Maintainer: | Ulrike Groemping, Tyler Morgan-Wall |

Contact: | ulrike.groemping at bht-berlin.de |

Version: | 2022-03-10 |

URL: | https://CRAN.R-project.org/view=ExperimentalDesign |

Source: | https://github.com/cran-task-views/ExperimentalDesign/ |

Contributions: | Suggestions and improvements for this task view are very welcome and can be made through issues or pull requests on GitHub or via e-mail to the maintainer address. For further details see the Contributing guide. |

Citation: | Ulrike Groemping, Tyler Morgan-Wall (2022). CRAN Task View: Design of Experiments (DoE) & Analysis of Experimental Data. Version 2022-03-10. URL https://CRAN.R-project.org/view=ExperimentalDesign. |

Installation: | The packages from this task view can be installed automatically using the ctv package. For example, `ctv::install.views("ExperimentalDesign", coreOnly = TRUE)` installs all the core packages or `ctv::update.views("ExperimentalDesign")` installs all packages that are not yet installed and up-to-date. See the CRAN Task View Initiative for more details. |

This task view collects information on R packages for experimental design and analysis of data from experiments. Packages that focus on analysis only and do not make relevant contributions for design creation are not considered in the scope of this task view. Please feel free to suggest enhancements, and please send information on new packages or major package updates if you think they belong here, either via e-mail to the maintainers or by submitting an issue or pull request in the GitHub repository linked above.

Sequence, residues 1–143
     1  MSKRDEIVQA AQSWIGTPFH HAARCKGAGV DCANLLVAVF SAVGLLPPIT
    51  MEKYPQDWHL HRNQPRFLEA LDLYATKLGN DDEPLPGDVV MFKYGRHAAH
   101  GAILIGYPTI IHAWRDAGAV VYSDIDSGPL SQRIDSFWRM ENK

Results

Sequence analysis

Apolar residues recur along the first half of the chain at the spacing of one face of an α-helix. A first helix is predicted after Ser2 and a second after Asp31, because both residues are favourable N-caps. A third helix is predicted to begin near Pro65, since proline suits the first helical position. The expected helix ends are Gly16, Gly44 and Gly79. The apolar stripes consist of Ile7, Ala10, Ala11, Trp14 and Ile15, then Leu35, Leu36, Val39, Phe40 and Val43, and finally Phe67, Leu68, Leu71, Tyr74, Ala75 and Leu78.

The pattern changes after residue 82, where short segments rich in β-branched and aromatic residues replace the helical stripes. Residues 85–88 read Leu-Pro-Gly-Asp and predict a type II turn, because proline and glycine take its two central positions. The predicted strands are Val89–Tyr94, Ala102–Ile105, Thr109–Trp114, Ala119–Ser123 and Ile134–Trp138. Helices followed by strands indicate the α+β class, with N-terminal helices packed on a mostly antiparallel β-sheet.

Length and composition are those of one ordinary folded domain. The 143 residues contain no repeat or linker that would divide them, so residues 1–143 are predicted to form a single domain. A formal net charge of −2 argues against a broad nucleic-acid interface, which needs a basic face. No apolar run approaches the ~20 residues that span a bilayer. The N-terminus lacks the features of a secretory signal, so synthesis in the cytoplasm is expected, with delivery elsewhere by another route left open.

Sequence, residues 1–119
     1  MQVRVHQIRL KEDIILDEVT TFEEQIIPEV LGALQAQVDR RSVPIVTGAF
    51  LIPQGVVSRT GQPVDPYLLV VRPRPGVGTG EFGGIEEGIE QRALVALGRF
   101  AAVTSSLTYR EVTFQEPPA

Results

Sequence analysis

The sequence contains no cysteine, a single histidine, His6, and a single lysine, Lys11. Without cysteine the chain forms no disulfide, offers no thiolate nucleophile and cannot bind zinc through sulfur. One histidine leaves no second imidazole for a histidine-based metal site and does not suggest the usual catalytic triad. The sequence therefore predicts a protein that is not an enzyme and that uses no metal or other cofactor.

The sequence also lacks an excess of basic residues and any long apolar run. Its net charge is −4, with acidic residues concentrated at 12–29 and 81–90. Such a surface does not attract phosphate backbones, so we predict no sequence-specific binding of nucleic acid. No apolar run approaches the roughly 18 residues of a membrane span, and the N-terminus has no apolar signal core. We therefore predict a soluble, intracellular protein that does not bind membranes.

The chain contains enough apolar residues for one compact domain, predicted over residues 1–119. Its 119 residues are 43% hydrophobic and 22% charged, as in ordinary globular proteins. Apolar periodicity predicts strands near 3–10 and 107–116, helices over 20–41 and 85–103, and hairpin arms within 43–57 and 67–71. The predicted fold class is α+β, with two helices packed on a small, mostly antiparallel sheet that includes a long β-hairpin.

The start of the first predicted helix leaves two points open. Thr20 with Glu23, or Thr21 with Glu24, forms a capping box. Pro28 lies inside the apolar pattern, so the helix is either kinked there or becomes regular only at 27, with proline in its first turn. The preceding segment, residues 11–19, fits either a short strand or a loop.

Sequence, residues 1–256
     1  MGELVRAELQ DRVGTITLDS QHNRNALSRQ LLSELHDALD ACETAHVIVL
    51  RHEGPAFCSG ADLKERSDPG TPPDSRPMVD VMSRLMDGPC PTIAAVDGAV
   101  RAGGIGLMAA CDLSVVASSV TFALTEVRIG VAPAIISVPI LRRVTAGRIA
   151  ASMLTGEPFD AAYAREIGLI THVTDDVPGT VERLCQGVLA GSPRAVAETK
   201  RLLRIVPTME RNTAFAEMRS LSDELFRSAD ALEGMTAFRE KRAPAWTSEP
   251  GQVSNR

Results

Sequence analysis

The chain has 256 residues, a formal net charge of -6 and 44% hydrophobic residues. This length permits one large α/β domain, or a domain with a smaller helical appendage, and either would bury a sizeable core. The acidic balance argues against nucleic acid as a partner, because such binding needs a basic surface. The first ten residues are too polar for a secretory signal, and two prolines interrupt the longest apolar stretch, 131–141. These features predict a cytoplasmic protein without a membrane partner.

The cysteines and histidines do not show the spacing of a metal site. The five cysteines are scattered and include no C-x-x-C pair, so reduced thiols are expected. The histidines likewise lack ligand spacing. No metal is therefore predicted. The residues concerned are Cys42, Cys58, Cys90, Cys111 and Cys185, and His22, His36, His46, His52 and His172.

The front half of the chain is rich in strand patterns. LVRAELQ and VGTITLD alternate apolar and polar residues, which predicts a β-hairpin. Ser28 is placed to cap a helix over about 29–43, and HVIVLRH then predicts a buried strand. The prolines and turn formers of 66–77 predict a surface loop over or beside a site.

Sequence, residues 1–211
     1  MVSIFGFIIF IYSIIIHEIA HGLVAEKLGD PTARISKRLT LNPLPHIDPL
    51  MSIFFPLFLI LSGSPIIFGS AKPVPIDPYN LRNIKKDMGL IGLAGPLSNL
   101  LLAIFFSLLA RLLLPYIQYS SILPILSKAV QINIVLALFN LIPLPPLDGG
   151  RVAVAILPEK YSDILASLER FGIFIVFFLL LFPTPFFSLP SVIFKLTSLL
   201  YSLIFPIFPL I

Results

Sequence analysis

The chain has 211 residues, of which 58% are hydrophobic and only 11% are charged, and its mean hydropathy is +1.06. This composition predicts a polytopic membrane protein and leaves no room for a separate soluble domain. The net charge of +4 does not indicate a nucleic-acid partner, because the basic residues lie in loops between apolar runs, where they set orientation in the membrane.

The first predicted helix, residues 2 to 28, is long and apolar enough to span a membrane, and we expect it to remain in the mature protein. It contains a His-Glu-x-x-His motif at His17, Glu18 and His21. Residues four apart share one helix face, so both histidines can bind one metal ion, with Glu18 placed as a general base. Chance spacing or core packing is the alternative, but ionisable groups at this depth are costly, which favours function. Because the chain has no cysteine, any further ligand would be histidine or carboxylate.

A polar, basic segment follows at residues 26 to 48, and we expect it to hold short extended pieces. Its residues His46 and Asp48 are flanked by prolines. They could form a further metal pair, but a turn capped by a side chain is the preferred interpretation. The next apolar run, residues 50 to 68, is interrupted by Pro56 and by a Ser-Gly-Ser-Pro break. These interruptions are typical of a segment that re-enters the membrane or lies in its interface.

Experimental design is applied in many areas, and methods have been tailored to the needs of various fields. This task view starts out with a section on the historically earliest application area, agricultural experimentation. Subsequently, it covers the most general packages, continues with specific sections on industrial experimentation, computer experiments, and experimentation in the clinical trials contexts (this section is going to be removed eventually; experimental design packages for clinical trials will be integrated into the clinical trials task view), and closes with a section on various special experimental design packages that have been developed for other specific purposes. Of course, the division into fields is not always clear-cut, and some packages from the more specialized sections can also be applied in general contexts.

You may also notice that the maintainers’ experience is mainly from industrial experimentation (in a broad sense), which may explain a somewhat biased view on things. Volunteers for co-maintaining are welcome.

Package agricolae is by far the most-used package from this task view (status: October 2017). It offers extensive functionality on experimental design especially for agricultural and plant breeding experiments, which can also be useful for other purposes. It supports *planning* of lattice designs, factorial designs, randomized complete block designs, completely randomized designs, (Graeco-)Latin square designs, balanced incomplete block designs and alpha designs. There are also various *analysis* facilities for experimental data, e.g. treatment comparison procedures and several non-parametric tests, but also some quite specialized possibilities for specific types of experiments. Package desplot is made for plotting the layout of agricultural experiments. Package agridat offers a large repository of useful agricultural data sets.

There are a few packages for creating and analyzing experimental designs for general purposes: First of all, the standard (generalized) linear model functions in the base package stats are of course very important for analyzing data from designed experiments (especially functions `lm()`

, `aov()`

and the methods and functions for the resulting linear model objects). These are concisely explained in Kuhnert and Venables (2005, p. 109 ff.); Vikneswaran (2005) points out specific usages for experimental design (using function `contrasts()`

, multiple comparison functions and some convenience functions like `model.tables()`

, `replications()`

and `plot.design()`